Subject: Re: Chaordic Commons
From: "Benjamin J. Tilly " <ben_tilly@operamail.com>
Date: Thu, 11 Jul 2002 02:39:41 +0800

L Jean Camp <jcamp@camail1.harvard.edu> wrote:
(in response to Stephen Turnbull)
>
> It is unfortunate that you find the theoretical description of property
> rights including patent, licensing,  and copyright hard to understand. She
> has a few papers that explain it, Weinstock's work on democracy and copyright
> disagrees with her assertions in a way which might clarify them for you.

I find her hard to understand because I am not an economist, let alone
one who has accepted the paradigm that she is working within. :-)

> Yeah, Wendy's work can be pretty theoretical and if you haven't read her
> stuff it is hard to get the core of what she is saying. Try to address it as
> the infrastructure theoretical work that it is, and not put each little chunk
> in boxes and it will make sense.

There is an old saying, "In theory, theory and practice are the same
thing.  In practice they are not."  That happens because theories are
always based at some point on simplifications of reality made because of
a belief that those simplifications do not matter.  In practice they
tend to have unexpected consequences.

In particular where I found myself diverging from the theoretical
foundation pretty fast was the idea of the concept of property working
as it becomes increasingly fine-grained.  There are transaction costs
associated with noticing and enforcing property rights.  When
transaction costs (eg lawyers, getting enough information to make an
informed decision) pass the value of the right enforced, the system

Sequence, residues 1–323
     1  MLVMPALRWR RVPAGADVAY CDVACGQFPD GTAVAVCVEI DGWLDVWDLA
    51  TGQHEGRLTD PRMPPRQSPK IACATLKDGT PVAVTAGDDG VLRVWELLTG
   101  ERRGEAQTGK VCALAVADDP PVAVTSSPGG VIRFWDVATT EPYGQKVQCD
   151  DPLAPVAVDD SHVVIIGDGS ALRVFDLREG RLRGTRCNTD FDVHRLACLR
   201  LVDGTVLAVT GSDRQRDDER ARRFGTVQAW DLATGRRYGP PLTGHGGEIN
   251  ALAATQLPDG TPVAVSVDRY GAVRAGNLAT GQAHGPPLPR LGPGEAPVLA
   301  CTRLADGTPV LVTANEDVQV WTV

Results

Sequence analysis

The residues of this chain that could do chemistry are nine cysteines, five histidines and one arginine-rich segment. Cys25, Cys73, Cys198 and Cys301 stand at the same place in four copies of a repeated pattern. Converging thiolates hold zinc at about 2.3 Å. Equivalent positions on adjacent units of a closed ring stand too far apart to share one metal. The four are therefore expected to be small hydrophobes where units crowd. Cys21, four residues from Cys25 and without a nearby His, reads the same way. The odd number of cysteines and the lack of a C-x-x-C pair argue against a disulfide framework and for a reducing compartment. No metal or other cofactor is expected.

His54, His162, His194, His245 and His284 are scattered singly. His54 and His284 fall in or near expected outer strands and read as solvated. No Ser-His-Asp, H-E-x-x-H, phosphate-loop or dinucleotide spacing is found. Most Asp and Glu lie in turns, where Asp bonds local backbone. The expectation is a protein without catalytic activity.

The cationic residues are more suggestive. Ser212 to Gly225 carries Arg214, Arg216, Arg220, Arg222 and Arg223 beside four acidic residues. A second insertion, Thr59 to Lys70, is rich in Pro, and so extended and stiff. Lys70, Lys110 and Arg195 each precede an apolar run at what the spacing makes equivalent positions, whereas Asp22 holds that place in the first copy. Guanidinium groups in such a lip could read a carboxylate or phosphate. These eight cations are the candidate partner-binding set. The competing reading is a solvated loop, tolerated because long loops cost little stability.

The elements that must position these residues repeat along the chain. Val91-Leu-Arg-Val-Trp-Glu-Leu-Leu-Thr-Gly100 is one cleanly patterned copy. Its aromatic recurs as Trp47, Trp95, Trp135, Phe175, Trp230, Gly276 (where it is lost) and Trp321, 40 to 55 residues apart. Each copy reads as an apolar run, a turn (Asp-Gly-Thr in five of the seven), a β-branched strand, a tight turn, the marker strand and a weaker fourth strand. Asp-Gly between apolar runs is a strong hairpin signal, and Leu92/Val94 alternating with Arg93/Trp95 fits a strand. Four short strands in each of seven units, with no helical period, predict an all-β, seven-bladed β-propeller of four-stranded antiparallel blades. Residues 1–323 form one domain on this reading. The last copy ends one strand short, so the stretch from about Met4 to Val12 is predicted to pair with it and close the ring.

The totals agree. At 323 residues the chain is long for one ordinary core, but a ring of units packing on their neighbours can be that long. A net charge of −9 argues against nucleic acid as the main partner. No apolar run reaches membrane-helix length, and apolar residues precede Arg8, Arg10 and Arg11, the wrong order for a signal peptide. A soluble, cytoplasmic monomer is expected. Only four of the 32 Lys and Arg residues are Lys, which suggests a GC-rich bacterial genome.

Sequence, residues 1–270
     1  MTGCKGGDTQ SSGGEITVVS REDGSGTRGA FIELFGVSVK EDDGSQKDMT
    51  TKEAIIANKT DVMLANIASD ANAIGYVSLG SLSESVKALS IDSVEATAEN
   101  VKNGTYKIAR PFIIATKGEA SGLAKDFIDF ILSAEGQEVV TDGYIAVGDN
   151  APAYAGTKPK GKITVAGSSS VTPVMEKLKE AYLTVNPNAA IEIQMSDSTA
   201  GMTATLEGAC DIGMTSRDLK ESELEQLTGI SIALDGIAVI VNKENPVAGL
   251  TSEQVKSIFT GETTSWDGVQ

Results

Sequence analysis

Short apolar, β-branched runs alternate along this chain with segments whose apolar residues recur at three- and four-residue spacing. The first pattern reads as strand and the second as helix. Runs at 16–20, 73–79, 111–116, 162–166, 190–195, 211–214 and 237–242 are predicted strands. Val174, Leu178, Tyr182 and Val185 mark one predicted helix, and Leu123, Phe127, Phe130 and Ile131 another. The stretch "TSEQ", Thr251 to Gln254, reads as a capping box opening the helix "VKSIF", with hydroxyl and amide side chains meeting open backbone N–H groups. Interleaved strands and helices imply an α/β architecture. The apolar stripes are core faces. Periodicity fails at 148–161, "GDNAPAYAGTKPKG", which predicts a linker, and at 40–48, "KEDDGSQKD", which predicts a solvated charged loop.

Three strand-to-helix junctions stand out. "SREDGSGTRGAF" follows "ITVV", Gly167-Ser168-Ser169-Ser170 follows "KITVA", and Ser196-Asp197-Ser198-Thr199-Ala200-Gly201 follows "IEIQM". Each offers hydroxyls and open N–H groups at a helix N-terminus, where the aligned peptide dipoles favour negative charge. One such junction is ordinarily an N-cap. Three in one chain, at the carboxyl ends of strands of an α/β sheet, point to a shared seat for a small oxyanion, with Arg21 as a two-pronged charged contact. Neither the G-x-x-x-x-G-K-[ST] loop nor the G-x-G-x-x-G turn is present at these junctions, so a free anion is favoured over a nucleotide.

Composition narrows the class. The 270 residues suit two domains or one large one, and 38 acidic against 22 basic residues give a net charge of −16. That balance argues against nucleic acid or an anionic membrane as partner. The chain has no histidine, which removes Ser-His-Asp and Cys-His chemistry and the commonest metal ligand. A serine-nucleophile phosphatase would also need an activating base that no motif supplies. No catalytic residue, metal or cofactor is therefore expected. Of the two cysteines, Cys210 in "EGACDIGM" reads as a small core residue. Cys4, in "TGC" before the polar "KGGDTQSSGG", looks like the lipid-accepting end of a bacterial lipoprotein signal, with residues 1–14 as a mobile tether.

breaks down.  Attempting to cheapen enforcement (eg through DRM) will
avoid one set of costs, but will not avoid, for instance, the cost of
understanding the value of many small property rights, or the cost to
consumers of understanding what they will be paying for.  A relevant
article is http://www.openp2p.com/pub/a/p2p/2000/12/19/micropayments.html

I would need to read her in more detail to decide whether or not I think
that she is agreeing with my criticism of that foundation.  I suspect
that she might be.

[...]
> In the neoclassical framework (from whence this forwarded discussion came)
> "weakening property rights" IS intervention in the market. As I am sure we
> have all noticed the Chicago school has dominated the legal discussion about
> copyright for decades. According to the Chicago School weakening property
> rights IS intervention because it is the government undermining the optimal
> use of property by limiting the incentive of the owners. The neoclassic
> argument also reject, btw, moral rights as interference with the market.

Is the Chicago school behind everything I dislike about current economic
thinking? /duck

To see my above criticism demonstrated in spades for copyright, see
http://eon.law.harvard.edu/openlaw/eldredvashcroft/legal.html#amici,
in particular the description from library associations of how much it
costs them to try and figure out what copyrights apply when.  (And how
much those copyrights are worth to the actual owners.)

> The extensions beyond the life term of the
> author/inventor are based not only - or even not primarily - on the concept
> of incenting the author BUT ALSO on the neoclassical assumptions that
> increased property rights will in fact lead to optimal use of property in all
> cases. Here, I share Wendy's belief as shown in these assertions that this is
> not always the case.  In my  opinion open source is a strong rejection of the
> neoclassical assumption that stronger property rights yield optimal use of a
> good or set of good (code). And this can be explained in theory by the
> endowment concept  but not by the consumptive concept.

I guess I don't need convincing that stronger property rights are not
always desirable... :-)

Cheers,
Ben

-- 
_______________________________________________
Download the free Opera browser at http://www.opera.com/


Free OperaMail at http://www.operamail.com/

Powered by Outblaze